The crime of assault is often misunderstood and confused with the crime of battery, since the two often are charged together (and they are also civil torts). While battery consists of the unwanted touching of another without their consent that is either harmful or offensive, assault is an attempt or a threat to commit battery. Most states have both assault and battery laws in their criminal statutes, but Indiana is unique. Indiana assault laws are not found in the criminal code with the term "assault," but that hardly means assault is legal in the state.
Indiana Assault Laws at a Glance
Details about Indiana's assault laws, or rather those statutes which cover the crime using other terminology, can be found in the following chart.
|Classifications of the Offenses||
Intimidation / Threat: Class A misdemeanor; Level 6 felony if threat is to commit forcible felony or communicated to a police officer, witness in a trial, etc. (see statute for complete list).
Criminal Recklessness: Class B misdemeanor; Level 6 felony if committed while armed with a deadly weapon ; Level 5 felony if committed by shooting a gun into a dwelling where people are likely to gather.
Battery: Class B or Class A misdemeanor (depending on various criteria); Level 6 felony if battery results in moderate bodily injury, is committed against someone under the age of 14, etc. (see statute for complete list).
Note: While battery and assault are different, a charge for battery in Indiana may include elements of assault (causing fear and apprehension, etc.).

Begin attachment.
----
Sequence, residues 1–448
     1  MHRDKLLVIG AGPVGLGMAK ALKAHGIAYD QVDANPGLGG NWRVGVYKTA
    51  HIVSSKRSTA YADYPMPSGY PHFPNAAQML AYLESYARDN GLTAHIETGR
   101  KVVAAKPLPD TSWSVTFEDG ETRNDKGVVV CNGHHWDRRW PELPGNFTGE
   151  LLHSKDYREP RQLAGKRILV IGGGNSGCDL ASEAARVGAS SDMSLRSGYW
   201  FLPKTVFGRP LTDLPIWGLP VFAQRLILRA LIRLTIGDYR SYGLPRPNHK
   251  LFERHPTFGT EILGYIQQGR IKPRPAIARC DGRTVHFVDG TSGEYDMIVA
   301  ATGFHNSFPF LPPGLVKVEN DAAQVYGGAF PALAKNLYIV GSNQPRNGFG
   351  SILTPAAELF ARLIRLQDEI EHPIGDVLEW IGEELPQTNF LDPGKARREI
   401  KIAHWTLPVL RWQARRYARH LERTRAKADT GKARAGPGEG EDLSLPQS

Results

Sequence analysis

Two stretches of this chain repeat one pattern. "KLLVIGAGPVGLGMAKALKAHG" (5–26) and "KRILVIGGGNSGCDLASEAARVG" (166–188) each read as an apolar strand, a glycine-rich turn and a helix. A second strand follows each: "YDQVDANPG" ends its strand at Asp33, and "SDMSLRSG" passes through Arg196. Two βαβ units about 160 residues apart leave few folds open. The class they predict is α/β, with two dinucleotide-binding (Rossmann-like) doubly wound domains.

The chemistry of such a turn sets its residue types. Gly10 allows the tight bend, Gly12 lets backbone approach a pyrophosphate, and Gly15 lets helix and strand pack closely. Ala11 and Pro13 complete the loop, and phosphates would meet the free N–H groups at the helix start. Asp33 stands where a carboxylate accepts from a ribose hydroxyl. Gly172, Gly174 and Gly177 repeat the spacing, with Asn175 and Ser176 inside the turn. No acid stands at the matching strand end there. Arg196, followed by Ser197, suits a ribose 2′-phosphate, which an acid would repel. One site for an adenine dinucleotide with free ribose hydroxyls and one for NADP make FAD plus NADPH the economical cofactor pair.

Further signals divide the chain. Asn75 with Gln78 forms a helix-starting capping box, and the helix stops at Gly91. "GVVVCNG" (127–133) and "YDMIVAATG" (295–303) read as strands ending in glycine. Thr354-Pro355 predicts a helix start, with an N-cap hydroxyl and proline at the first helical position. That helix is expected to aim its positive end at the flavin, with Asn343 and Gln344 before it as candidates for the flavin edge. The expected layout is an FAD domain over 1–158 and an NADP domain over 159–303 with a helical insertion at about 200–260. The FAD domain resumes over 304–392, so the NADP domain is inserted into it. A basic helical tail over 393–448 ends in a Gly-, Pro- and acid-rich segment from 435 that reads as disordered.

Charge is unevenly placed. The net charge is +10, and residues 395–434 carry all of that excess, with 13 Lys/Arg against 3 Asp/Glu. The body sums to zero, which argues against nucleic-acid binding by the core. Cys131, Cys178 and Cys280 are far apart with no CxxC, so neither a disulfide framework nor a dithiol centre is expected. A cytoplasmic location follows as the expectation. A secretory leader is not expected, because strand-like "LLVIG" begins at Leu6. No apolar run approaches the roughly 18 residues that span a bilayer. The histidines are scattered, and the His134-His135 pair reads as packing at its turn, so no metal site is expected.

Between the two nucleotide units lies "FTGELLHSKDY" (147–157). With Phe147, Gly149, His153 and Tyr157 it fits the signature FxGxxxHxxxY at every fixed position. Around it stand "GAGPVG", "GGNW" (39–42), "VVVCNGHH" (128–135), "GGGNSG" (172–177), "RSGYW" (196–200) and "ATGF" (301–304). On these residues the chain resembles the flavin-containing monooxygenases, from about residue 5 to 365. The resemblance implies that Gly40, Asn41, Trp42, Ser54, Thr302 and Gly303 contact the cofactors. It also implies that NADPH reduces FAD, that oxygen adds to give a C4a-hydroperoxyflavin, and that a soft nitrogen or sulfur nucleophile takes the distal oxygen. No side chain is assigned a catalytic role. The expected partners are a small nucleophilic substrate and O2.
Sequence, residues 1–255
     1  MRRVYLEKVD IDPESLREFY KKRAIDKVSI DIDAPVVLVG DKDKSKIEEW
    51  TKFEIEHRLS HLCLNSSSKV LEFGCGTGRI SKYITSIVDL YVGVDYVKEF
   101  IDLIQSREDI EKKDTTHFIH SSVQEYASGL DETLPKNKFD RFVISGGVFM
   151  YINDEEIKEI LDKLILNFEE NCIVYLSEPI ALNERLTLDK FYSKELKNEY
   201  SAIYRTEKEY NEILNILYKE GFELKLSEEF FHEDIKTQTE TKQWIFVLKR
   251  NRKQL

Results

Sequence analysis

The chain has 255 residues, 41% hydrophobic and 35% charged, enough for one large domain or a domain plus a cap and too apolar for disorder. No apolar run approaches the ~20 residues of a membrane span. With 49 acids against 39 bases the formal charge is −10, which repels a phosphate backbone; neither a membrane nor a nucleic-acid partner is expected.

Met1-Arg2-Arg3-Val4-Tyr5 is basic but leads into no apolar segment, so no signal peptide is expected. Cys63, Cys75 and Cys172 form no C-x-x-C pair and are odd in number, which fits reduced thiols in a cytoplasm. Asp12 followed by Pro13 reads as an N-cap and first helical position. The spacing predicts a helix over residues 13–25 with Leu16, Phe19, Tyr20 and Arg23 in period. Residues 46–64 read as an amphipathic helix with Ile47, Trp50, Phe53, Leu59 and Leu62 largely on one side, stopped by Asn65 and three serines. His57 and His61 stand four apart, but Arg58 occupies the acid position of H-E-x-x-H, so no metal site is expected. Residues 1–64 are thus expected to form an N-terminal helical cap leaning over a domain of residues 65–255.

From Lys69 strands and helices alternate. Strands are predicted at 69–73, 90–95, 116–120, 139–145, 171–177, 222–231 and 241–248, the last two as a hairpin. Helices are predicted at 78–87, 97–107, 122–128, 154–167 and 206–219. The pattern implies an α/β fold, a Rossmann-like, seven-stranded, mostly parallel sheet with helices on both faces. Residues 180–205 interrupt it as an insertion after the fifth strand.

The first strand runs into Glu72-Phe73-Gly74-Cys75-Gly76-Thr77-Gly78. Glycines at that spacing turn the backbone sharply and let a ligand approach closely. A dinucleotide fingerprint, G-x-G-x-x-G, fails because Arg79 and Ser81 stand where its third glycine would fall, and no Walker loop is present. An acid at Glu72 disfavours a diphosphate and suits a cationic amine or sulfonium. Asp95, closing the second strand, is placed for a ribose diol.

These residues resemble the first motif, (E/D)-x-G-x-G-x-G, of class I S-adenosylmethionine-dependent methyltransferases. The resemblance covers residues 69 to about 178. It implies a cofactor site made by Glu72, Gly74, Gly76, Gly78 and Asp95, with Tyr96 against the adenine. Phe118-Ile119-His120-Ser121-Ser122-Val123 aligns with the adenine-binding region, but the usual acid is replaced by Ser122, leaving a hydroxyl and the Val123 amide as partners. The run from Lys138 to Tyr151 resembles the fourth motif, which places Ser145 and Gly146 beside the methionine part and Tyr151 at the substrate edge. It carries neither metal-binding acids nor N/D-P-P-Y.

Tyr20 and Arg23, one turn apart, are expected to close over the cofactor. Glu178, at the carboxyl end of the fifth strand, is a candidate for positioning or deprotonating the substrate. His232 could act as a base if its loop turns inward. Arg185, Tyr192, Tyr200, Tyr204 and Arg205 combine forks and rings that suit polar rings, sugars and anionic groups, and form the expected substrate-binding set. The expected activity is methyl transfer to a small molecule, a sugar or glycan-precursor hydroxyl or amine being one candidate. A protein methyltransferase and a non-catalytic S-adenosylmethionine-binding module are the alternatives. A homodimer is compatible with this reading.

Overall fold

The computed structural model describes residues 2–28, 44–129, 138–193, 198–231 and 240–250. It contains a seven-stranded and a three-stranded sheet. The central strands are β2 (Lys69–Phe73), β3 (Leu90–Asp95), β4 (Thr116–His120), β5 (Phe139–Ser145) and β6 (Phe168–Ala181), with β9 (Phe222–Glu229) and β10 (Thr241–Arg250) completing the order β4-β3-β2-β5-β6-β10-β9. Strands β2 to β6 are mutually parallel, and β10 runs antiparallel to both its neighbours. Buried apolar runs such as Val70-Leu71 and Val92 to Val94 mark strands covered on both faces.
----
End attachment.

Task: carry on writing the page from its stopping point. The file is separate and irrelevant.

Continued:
Intimidation / Threat: Up to 1 yr. in jail, up to $5,000 in fines (Class A misdemeanor); between 6 months and 2 1/2 yrs. in prison and a fine of up to $10,000 (Level 6 felony).
Criminal Recklessness: Up to 180 days in jail, up to $1,000 in fines (Class B misdemeanor); between 6 months and 2 1/2 yrs. in prison and a fine of up to $10,000 (Level 6 felony); between 1 and 6 yrs. in prison and a fine of up to $10,000 (Level 5 felony).
Battery: Up to 180 days (Class B misdemeanor) or 1 yr. (Class A) in jail, up to $1,000 (Class B misdemeanor) or $5,000 (Class A) in fines; between 6 months and 2 1/2 yrs. in prison and a fine of up to $10,000 (Level 6 felony).
Note: State laws are always subject to change through the passage of new legislation, rulings in the higher courts (including federal decisions), ballot initiatives, and other means. While we strive to provide the most current information available, please consult an attorney or conduct your own legal research to verify the state law(s) you are researching.
Intimidation / Threat Offenses Under Indiana Law
While elements of assault may be found in all three statutes cited above, the Indiana offense most closely associated with what we typically call "assault" is the state's law prohibiting intimidation and threats. However, keep in mind that a threat is not necessarily an act that causes fear of imminent bodily injury. For instance, a threatening letter to a witness in a criminal trial would not be charged as "assault" in states that have assault laws. However, pointing a gun at someone -- which poses a direct threat -- would be considered assault in most states (and "criminal recklessness" in Indiana).
In Indiana, a misdemeanor intimidation / threat charge may be filed against someone who communicates a threat to another person, with the intent:
A felony charge may be filed against someone who threatens to commit a forcible felony against a police officer, criminal case witness, school employee, court employee, corrections officer or employee, employee of a hospital or religious organization, or someone who owns a building that is open to the public.
Get a Free Legal Evaluation of Your Indiana Criminal Charge
If you have been charged of a crime in Indiana such as intimidation, criminal recklessness, or battery, you may be facing time in prison and fines in the thousands of dollars. The best course of action is to get prepared well before your trial. Get started today by having an Indiana criminal defense attorney evaluate your case at no charge.
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